What is Restorative Justice?
When we think of traditional forms of discipline, we automatically think of sending a student out of a classroom, having them do menial tasks as punishment, or suspending or expelling them out of school. Although these ways of punishment are standard in most public schools, they have a drastic effect on the health of all students in a school setting.
Currently there is a statewide movement to address the ways students are being punished for minor incidents that happen in California public schools. Whether a student refuses to read a passage during an exercise in class or steals another student's iPod, there are ways to positively discipline students without having to suspend or expel them. Restorative Justice offers a way to create a system of accountability and unity amongst all people present in a school setting through the use of community building and relationship repairing circles.
Community building circles allow for students to sit together in a circle and answer questions that reveal themselves to their peers, thus creating relationships based on common experiences.
Relationship repairing circles allow for students to sit in circle with those that caused a harm, were harmed, and those that were indirectly affected by the harm. By understanding that everyone has needs to be met when harm is caused and acting on meeting those needs, relationships can be strengthened and restored.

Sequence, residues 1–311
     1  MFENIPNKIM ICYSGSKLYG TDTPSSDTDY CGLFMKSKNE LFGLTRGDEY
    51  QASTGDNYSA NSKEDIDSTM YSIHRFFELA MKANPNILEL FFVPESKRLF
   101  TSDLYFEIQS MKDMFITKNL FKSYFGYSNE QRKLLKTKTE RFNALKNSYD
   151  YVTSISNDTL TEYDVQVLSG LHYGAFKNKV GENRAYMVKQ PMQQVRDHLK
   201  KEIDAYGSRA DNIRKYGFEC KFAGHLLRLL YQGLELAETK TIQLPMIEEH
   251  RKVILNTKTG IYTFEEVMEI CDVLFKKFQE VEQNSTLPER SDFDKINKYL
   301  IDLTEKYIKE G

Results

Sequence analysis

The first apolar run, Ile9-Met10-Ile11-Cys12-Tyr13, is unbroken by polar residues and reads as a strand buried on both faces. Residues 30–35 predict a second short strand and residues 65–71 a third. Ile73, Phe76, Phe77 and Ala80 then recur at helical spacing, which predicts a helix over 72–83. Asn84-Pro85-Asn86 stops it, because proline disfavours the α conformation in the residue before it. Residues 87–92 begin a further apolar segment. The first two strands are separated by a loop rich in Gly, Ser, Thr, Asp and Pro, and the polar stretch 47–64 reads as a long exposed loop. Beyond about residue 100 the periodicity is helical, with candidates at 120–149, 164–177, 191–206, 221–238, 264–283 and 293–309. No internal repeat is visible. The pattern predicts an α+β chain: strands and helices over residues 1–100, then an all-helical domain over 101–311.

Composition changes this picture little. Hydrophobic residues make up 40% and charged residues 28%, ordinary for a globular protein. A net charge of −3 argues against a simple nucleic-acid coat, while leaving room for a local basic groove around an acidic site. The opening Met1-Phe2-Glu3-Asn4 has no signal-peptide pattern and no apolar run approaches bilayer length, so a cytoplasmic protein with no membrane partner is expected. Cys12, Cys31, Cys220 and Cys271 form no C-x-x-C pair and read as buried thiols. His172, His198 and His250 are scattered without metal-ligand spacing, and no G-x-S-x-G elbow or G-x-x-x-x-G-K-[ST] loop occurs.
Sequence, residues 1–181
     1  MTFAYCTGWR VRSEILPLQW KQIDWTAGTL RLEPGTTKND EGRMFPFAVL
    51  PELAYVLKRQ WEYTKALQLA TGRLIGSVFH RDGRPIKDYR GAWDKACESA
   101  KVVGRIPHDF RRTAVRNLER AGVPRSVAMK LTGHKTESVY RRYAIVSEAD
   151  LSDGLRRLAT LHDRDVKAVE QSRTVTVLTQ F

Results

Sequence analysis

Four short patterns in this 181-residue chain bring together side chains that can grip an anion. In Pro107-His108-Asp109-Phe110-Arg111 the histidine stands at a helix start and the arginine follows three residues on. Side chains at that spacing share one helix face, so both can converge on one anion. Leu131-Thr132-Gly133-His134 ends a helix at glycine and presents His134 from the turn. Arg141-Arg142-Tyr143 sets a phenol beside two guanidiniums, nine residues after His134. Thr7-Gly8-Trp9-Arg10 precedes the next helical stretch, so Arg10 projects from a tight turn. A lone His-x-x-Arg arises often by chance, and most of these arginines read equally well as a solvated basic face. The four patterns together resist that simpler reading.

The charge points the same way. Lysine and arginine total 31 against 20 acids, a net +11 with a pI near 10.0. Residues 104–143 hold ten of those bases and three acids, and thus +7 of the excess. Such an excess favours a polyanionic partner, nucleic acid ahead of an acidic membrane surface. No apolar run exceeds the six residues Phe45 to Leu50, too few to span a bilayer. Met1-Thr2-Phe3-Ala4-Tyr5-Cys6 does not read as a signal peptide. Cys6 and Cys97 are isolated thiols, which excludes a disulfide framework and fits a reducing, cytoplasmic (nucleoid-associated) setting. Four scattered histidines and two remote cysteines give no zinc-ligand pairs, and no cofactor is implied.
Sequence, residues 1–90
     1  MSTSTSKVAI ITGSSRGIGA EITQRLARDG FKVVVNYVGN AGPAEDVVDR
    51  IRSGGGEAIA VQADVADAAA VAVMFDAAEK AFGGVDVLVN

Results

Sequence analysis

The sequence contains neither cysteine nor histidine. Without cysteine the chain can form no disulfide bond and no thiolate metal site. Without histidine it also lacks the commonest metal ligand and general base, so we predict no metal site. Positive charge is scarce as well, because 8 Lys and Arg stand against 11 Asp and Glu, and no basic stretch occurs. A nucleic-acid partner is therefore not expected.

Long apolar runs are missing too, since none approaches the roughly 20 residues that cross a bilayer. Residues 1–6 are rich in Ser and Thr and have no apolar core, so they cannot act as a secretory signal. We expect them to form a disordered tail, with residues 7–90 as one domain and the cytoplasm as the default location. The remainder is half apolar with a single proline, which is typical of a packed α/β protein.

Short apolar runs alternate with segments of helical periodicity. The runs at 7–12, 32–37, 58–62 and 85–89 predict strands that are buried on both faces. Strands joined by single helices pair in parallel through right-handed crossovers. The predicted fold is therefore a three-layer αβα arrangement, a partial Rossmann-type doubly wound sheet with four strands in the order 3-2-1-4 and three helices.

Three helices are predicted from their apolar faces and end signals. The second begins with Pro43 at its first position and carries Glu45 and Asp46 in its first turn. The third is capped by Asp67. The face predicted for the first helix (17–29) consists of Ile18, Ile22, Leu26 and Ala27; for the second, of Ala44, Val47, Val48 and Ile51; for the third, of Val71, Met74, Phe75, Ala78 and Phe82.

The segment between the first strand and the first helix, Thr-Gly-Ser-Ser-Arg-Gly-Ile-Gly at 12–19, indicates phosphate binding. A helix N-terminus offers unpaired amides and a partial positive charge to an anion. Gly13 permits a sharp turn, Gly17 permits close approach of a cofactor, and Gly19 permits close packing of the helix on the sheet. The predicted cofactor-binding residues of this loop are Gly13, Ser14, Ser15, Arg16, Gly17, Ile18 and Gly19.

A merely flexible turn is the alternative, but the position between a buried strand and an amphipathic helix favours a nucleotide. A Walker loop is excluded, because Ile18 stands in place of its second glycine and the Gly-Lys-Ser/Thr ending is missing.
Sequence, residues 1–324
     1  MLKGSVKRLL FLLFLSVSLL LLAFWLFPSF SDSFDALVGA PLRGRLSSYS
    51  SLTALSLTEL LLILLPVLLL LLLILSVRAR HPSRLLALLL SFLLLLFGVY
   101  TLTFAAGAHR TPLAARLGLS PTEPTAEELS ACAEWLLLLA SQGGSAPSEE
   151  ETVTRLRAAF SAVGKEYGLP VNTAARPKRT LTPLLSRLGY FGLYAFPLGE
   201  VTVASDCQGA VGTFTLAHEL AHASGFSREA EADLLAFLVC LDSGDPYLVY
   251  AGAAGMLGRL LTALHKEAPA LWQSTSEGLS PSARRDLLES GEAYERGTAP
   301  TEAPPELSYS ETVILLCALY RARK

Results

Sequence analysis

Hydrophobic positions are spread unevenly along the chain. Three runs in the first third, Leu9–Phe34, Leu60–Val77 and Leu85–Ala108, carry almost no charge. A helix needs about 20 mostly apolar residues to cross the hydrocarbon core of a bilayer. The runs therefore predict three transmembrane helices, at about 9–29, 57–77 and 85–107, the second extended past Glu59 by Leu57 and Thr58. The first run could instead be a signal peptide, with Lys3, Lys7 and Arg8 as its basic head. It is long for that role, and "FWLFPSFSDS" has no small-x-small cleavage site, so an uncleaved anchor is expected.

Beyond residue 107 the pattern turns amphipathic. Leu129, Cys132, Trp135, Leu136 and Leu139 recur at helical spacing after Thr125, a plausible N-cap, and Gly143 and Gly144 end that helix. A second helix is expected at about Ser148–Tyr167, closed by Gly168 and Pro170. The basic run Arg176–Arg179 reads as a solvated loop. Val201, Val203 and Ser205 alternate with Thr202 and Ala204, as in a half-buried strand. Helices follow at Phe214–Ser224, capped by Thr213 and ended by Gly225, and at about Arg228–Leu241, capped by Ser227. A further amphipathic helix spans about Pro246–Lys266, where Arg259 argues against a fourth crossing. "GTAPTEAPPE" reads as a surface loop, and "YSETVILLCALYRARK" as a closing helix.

With almost 83% of youth in Los Angeles identifying as people of color and high suspension and expulsion rates in the Los Angeles Unified School district, it has become supremely important to address the issue of suspensions and expulsions as it directly leads to students dropping out and coming in contact with the criminal justice system.
In collaboration with Las Fotos Project and Building Healthy Communities Boyle Heights (BHC BH), this series of essays and articles explores Restorative Justice and how building relationships and repairing harm can strengthen community in schools and beyond. The series will also highlight the work of youth photographers who, through Las Fotos Project, have explored Restorative Justice in schools through a series of documentary media projects using photography and audio interviews, and share the narratives of youth, parents, school administrators, and decision makers.